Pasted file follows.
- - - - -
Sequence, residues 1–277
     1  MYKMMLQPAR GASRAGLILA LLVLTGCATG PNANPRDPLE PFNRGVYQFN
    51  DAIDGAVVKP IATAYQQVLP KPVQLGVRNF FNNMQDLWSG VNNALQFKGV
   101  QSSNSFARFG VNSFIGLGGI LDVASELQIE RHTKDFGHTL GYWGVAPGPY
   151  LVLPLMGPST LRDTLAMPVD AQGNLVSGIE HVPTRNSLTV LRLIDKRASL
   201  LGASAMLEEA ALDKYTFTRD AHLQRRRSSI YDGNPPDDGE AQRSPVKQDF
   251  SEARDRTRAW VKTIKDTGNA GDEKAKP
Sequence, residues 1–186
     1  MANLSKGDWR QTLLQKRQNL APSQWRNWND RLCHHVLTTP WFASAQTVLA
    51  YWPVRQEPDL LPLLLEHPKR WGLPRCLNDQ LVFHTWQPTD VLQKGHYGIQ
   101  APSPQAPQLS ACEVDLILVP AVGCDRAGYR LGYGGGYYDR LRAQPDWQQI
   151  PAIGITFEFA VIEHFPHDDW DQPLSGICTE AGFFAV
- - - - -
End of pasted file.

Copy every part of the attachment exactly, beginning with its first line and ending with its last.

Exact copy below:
Sequence, residues 1–277
     1  MYKMMLQPAR GASRAGLILA LLVLTGCATG PNANPRDPLE PFNRGVYQFN
    51  DAIDGAVVKP IATAYQQVLP KPVQLGVRNF FNNMQDLWSG VNNALQFKGV
   101  QSSNSFARFG VNSFIGLGGI LDVASELQIE RHTKDFGHTL GYWGVAPGPY
   151  LVLPLMGPST LRDTLAMPVD AQGNLVSGIE HVPTRNSLTV LRLIDKRASL
   201  LGASAMLEEA ALDKYTFTRD AHLQRRRSSI YDGNPPDDGE AQRSPVKQDF
   251  SEARDRTRAW VKTIKDTGNA GDEKAKP
Sequence, residues 1–186
     1  MANLSKGDWR QTLLQKRQNL APSQWRNWND RLCHHVLTTP WFASAQTVLA
    51  YWPVRQEPDL LPLLLEHPKR WGLPRCLNDQ LVFHTWQPTD VLQKGHYGIQ
   101  APSPQAPQLS ACEVDLILVP AVGCDRAGYR LGYGGGYYDR LRAQPDWQQI
   151  PAIGITFEFA VIEHFPHDDW DQPLSGICTE AGFFAV